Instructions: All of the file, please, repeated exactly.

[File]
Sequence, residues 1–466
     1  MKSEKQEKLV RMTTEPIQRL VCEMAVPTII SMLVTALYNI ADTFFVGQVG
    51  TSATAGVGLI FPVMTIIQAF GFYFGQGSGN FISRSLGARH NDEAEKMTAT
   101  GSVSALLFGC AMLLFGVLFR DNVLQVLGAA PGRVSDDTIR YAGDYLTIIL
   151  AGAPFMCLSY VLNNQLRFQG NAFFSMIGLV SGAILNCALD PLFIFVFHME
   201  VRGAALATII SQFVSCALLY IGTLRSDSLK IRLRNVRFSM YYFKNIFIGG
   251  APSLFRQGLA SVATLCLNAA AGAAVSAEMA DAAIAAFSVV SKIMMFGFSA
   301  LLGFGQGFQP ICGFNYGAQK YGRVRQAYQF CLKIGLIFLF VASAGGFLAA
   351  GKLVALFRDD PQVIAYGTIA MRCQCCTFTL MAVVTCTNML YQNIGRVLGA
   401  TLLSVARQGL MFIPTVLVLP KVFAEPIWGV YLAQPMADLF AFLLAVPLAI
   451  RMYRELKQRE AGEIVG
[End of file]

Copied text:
Sequence, residues 1–466
     1  MKSEKQEKLV RMTTEPIQRL VCEMAVPTII SMLVTALYNI ADTFFVGQVG
    51  TSATAGVGLI FPVMTIIQAF GFYFGQGSGN FISRSLGARH NDEAEKMTAT
   101  GSVSALLFGC AMLLFGVLFR DNVLQVLGAA PGRVSDDTIR YAGDYLTIIL
   151  AGAPFMCLSY VLNNQLRFQG NAFFSMIGLV SGAILNCALD PLFIFVFHME
   201  VRGAALATII SQFVSCALLY IGTLRSDSLK IRLRNVRFSM YYFKNIFIGG
   251  APSLFRQGLA SVATLCLNAA AGAAVSAEMA DAAIAAFSVV SKIMMFGFSA
   301  LLGFGQGFQP ICGFNYGAQK YGRVRQAYQF CLKIGLIFLF VASAGGFLAA
   351  GKLVALFRDD PQVIAYGTIA MRCQCCTFTL MAVVTCTNML YQNIGRVLGA
   401  TLLSVARQGL MFIPTVLVLP KVFAEPIWGV YLAQPMADLF AFLLAVPLAI
   451  RMYRELKQRE AGEIVG